Simple Memory Profiling in R


The profmem() function of the profmem package provides an easy way to profile the memory usage of an R expression. It logs all memory allocations done in R. Profiling memory allocations is helpful when we, for instance, try to understand why a certain piece of R code consumes more memory than expected.

The profmem() function builds upon existing memory profiling features available in R. It logs every memory allocation done by plain R code as well as those done by native code such as C and Fortran. For each entry, it records the size (in bytes) and the name of the functions on the call stack. For example,

> library("profmem")
> p <- profmem({
+     x <- integer(1000)
+     Y <- matrix(rnorm(n = 10000), nrow = 100)
+ })
> p
Rprofmem memory profiling of:
    x <- integer(1000)
    Y <- matrix(rnorm(n = 10000), nrow = 100)
Memory allocations:
       bytes               calls
1       4040           integer()
2      80040 matrix() -> rnorm()
3       2544 matrix() -> rnorm()
4      80040            matrix()
total 166664                    

From this, we find that 4040 bytes are allocated for integer vector x, which is because each integer value occupies 4 bytes of memory. The additional 40 bytes are due to the internal data structure used for each variable R. The size of this allocation is also be confirmed by the value of object.size(x). We also see that rnorm(), which is called via matrix(), allocates 80040 + 2544 bytes, where the first one reflects the 10000 double values each occupying 8 bytes. The second one reflects some unknown allocation done internally by the native code that rnorm() uses. Finally, the last entry reflects the memory allocation of 80040 bytes done by matrix() itself.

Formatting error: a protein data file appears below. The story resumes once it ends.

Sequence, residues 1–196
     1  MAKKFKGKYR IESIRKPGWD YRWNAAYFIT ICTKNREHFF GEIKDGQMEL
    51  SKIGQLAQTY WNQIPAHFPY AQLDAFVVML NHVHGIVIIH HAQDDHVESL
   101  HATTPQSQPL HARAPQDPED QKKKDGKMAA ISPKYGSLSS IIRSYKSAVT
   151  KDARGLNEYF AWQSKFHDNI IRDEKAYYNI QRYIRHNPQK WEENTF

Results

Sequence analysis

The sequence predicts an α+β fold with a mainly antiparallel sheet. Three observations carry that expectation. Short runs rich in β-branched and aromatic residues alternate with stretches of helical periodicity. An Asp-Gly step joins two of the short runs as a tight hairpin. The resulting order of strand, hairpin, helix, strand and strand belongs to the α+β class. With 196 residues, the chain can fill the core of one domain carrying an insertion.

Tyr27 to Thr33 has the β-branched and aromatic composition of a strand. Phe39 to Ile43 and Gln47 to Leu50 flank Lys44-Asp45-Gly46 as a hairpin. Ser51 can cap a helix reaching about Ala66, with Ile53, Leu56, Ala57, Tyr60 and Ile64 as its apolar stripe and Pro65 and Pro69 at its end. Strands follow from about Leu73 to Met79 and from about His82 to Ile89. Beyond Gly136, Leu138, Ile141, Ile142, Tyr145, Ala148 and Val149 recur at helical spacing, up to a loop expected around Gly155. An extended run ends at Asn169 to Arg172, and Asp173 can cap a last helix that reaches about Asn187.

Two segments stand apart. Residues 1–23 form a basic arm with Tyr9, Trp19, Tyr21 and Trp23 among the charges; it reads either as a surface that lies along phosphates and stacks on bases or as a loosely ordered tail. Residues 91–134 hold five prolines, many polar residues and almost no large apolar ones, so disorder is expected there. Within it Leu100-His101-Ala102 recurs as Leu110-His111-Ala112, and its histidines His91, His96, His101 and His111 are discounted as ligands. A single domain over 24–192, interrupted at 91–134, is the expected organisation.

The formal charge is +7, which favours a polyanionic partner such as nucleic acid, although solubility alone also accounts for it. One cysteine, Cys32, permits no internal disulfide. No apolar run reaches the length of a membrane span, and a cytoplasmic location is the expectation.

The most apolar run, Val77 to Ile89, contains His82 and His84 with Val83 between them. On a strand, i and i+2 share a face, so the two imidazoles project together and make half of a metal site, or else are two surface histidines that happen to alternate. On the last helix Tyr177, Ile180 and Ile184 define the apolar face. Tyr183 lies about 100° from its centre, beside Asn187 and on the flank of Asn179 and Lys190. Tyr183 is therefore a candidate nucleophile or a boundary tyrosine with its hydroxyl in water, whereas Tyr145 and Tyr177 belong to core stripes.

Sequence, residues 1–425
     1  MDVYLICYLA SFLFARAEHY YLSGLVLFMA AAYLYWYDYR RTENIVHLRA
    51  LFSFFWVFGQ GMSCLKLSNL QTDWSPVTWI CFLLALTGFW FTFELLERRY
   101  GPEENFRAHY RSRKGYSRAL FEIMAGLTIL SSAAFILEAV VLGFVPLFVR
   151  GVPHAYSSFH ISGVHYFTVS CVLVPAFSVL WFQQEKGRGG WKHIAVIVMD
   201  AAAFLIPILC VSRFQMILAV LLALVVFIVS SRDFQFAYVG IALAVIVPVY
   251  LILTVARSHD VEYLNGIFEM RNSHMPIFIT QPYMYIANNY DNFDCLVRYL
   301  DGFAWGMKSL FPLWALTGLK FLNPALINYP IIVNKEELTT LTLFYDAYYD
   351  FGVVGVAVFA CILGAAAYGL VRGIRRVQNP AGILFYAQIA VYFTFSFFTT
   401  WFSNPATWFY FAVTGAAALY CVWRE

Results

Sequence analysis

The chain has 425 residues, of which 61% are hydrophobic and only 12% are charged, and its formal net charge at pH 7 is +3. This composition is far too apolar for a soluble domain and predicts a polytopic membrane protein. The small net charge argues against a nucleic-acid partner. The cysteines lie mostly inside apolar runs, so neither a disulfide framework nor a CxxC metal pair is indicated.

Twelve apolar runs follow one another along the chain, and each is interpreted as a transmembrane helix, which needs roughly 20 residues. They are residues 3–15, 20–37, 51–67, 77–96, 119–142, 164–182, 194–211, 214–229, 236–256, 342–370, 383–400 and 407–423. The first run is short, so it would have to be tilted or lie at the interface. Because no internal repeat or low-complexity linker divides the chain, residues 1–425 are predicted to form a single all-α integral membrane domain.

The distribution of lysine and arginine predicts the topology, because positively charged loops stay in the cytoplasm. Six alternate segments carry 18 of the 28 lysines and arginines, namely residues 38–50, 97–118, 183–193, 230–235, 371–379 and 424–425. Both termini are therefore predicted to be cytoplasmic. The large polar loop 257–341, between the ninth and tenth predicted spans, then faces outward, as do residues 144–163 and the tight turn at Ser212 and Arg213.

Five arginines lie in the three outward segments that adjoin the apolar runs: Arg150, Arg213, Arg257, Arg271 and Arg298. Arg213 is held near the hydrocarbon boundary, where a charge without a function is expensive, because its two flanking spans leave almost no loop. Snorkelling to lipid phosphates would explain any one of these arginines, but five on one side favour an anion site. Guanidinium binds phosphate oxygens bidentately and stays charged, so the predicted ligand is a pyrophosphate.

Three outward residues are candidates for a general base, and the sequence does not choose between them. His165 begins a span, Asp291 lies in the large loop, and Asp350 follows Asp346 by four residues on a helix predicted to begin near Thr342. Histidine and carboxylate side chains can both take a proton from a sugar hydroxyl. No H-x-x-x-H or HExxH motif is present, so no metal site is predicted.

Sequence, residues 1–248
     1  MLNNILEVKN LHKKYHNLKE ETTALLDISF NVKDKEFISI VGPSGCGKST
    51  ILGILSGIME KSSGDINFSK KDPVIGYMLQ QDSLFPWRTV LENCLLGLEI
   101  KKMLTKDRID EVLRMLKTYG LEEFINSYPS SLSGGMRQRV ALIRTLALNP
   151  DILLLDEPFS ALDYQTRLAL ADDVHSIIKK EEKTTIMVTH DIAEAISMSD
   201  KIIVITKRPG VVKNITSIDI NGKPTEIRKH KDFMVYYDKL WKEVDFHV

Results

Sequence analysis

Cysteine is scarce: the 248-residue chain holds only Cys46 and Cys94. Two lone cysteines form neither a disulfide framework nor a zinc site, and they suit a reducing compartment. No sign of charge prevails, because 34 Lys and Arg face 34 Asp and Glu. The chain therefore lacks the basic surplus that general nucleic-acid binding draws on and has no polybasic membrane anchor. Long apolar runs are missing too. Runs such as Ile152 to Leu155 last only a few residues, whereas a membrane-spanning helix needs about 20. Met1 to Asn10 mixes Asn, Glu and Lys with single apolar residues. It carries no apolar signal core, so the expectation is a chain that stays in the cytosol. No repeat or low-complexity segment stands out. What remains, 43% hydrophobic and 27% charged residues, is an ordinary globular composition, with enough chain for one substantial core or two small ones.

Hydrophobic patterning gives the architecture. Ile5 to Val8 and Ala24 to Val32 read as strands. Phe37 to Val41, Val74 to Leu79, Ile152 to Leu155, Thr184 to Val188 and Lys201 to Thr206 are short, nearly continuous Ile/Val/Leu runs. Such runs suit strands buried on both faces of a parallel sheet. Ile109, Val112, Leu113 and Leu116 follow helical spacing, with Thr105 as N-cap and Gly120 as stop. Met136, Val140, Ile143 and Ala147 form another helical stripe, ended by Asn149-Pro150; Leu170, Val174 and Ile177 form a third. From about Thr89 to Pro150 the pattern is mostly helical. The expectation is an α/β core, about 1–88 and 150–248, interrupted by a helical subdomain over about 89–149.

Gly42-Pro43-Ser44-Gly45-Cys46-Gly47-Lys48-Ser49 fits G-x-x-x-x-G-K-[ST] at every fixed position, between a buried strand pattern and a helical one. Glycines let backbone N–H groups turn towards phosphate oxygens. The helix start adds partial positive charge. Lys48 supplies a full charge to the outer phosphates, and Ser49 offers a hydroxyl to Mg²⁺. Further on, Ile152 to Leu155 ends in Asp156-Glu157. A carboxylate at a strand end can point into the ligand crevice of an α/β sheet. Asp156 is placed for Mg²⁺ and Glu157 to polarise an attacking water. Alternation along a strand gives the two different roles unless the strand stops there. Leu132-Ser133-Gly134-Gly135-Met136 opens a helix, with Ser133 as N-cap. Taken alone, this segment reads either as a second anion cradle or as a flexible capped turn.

An example where memory profiling can make a difference

Assume we have an integer vector

> x <- sample(1:10000, size = 10000)
> str(x)
 int [1:10000] 2469 5667 1297 3570 7780 1149 1477 5732 8764 6244 ...

and we would like to identify all elements less than 5000, which can be done as

> small <- (x < 5000)
> str(small)

This looks fairly innocent, but it turns out that it is unnecessarily inefficient - both when it comes to memory and speed. The reason is that 5000 is of data type double whereas x is of type integer;

> typeof(x)
[1] "integer"
> typeof(5000)
[1] "double"

Because of this difference in types, R chooses to first coerce x into a double vector before comparing with another double (here 5000). Having to coerce to another data type consumes extra memory, which we can see if we profile the memory:

> p <- profmem({
+     small <- (x < 5000)
+ })
> p
Rprofmem memory profiling of:
    small <- (x < 5000)
Memory allocations:
       bytes      calls
1      80040 <internal>
2      40040 <internal>
total 120080           

But before anything else, the size of x and small are:

> object.size(x)
40040 bytes
> object.size(small)
40040 bytes

which is because x is of type integer (4 bytes per element) and small is of type logical (also 4 bytes per element).

Now, due the coercion of x to double, an internal double vector of the same length as x is temporarily created (and populated with values from x). This is what is reported in the first row of p. Since each double value occupies 8 bytes of memory, the size of this internal object is 80040 bytes. At this point, R is ready to compare the internal double vector against the double value 5000. The result of this comparison will be stored in a logical vector of length 10000. This is what is reported in the second row of p. This logical vector is assigned to variable small at the end.

We can avoid the coercion to double if we compare x to an integer value (5000L) instead of a double value (5000), which is also confirmed if we profile memory allocations;

> p2 <- profmem({
+     small <- (x < 5000)
+ })
> p2
Rprofmem memory profiling of:
    small <- (x < 5000L)
Memory allocations:
      bytes      calls
1     40040 <internal>
total 40040           

In this case, all that is allocated is the memory for holding the logical result that is later assigned to small.